Hekla

Hekla is a stratovolcano in the south of Iceland with a height of 1,491 metres (4,892 ft). Hekla is one of Iceland's most active volcanoes; over 20 eruptions have occurred in and around the volcano since 874. During the Middle Ages, Europeans called the volcano the "Gateway to Hell."

Hekla is part of a volcanic ridge, 40 kilometres (25 mi) long. The most active part of this ridge, a fissure about 5.5 km (3.4 mi) long named Heklugjá, is considered to be the volcano Hekla proper. Hekla looks rather like an overturned boat, with its keel being a series of craters, two of which are generally the most active.

The volcano's frequent large eruptions have covered much of Iceland with tephra and these layers can be used to date eruptions of Iceland's other volcanos. 10% of the tephra created in Iceland in the last thousand years has come from Hekla, amounting to 5 km3. The volcano has produced one of the largest volumes of lava of any in the world in the last millennium, around 8 km3.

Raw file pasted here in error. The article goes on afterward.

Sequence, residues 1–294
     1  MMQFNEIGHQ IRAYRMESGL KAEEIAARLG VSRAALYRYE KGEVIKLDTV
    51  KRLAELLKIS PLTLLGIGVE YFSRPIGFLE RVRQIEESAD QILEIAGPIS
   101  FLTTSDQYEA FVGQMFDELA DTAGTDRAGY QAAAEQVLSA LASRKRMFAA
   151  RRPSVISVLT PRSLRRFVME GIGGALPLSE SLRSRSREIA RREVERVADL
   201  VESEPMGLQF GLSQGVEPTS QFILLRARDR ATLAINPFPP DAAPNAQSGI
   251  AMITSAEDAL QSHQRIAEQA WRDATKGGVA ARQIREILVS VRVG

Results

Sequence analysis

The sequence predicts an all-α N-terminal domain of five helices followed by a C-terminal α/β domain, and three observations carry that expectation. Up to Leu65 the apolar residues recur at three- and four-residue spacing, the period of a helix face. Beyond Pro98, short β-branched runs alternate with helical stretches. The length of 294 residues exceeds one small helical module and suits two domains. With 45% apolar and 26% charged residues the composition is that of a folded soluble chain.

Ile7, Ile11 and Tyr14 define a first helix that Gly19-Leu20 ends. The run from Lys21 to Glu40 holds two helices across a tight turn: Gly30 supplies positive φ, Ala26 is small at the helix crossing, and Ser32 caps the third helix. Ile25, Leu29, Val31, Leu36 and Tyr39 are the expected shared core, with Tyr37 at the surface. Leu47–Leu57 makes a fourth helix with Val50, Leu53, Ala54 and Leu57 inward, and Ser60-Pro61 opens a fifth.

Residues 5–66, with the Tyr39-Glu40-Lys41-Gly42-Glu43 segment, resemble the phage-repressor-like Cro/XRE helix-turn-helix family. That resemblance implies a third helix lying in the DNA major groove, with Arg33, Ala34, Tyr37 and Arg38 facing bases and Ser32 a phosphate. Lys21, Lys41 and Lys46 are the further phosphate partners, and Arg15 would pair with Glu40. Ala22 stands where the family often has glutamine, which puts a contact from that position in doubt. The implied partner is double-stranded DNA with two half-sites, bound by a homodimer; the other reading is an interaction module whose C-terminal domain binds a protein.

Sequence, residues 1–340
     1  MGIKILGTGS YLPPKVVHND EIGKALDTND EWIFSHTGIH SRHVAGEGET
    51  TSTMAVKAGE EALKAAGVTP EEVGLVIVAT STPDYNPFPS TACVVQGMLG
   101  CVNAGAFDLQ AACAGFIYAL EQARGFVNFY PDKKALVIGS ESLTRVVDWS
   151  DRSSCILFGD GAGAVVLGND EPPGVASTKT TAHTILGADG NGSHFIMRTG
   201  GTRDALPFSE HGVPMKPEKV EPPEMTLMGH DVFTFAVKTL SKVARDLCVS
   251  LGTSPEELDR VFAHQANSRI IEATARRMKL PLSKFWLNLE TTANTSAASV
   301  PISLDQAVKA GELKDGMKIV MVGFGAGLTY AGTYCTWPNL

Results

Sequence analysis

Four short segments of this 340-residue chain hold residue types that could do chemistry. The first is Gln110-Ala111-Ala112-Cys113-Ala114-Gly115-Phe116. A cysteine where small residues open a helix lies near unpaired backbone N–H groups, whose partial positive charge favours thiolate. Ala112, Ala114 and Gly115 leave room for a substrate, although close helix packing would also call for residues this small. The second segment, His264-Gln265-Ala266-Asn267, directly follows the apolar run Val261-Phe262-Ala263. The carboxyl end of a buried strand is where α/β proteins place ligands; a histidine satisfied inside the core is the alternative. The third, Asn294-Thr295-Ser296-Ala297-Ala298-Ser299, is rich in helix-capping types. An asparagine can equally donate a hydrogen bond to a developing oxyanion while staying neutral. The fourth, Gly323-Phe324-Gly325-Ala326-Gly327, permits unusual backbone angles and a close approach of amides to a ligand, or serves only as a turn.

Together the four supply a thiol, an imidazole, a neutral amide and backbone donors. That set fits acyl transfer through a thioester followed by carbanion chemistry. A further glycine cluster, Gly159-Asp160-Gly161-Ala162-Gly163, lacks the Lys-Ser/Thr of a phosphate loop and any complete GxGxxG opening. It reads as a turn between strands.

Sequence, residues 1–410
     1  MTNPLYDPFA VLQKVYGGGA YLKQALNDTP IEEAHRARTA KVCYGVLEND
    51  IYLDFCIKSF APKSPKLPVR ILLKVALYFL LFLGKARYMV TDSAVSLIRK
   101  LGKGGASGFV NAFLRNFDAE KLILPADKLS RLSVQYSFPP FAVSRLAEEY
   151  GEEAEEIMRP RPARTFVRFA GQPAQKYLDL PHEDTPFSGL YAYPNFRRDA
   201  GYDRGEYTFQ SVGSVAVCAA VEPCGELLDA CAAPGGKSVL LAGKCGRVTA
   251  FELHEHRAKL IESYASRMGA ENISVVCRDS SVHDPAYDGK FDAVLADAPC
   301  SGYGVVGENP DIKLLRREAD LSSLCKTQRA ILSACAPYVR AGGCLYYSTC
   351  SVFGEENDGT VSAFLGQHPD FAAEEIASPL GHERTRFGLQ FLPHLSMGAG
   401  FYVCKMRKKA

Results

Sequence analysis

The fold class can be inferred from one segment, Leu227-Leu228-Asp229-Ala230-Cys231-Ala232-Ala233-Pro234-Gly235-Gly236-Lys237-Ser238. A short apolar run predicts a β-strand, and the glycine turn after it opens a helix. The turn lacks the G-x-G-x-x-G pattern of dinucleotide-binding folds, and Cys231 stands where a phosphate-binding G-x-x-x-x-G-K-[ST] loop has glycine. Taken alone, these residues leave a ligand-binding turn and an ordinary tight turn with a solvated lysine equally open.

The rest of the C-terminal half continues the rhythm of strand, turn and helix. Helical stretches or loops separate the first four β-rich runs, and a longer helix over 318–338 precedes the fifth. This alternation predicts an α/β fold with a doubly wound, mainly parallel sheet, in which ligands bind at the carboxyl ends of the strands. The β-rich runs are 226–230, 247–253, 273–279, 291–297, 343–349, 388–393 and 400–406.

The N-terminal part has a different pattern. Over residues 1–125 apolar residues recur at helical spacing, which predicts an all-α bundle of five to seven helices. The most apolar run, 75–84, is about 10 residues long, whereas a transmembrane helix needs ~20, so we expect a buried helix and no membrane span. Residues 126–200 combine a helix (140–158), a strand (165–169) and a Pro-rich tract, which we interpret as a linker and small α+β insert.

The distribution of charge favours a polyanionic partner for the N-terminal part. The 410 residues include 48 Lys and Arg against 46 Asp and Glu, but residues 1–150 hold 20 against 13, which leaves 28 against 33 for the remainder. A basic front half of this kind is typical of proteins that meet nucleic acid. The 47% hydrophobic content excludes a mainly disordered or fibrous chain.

Read more about Hekla:  Reputation, Geology, Eruption History, Historical and Prehistoric Eruptions, Flora and Fauna, Sport and Recreation, In Popular Culture

Other articles related to "hekla":

Ramesses III - Chronological Dispute
... point for this pharaoh's reign at 1159 BC, based on a 1999 dating of the "Hekla 3 eruption" of the Hekla volcano at Iceland ... his workmen at Deir el-Medina with supplies in his 29th Year, this dating of Hekla 3 might connect his 28th or 29th regnal year to c ...
Hekla - In Popular Culture
... Hekla has continued to feature in artistic works since the time of its medieval infamy, the poet William Blake showed Winter being banished to Hekla in To Winter, one of the works ... and the piece Hekla, Op 52 (1964) by Icelandic composer Jón Leifs has been called the "loudest classical music of all time" ... The requirements for a performance of Hekla include four sets of rocks hit with hammers, steel plates, anvils, sirens, cannons, metal chains, choir, a large orchestra, and organ ...
Hekla 3 Eruption
... The Hekla 3 eruption (H-3) circa 1000 BC is considered the most severe eruption of Hekla during the Holocene ... In 2000 skepticism concerning conclusions about connecting Hekla 3 and Hekla 4 eruptions with paleoenvironmental events and archaeologically attested abandonment of settlement ...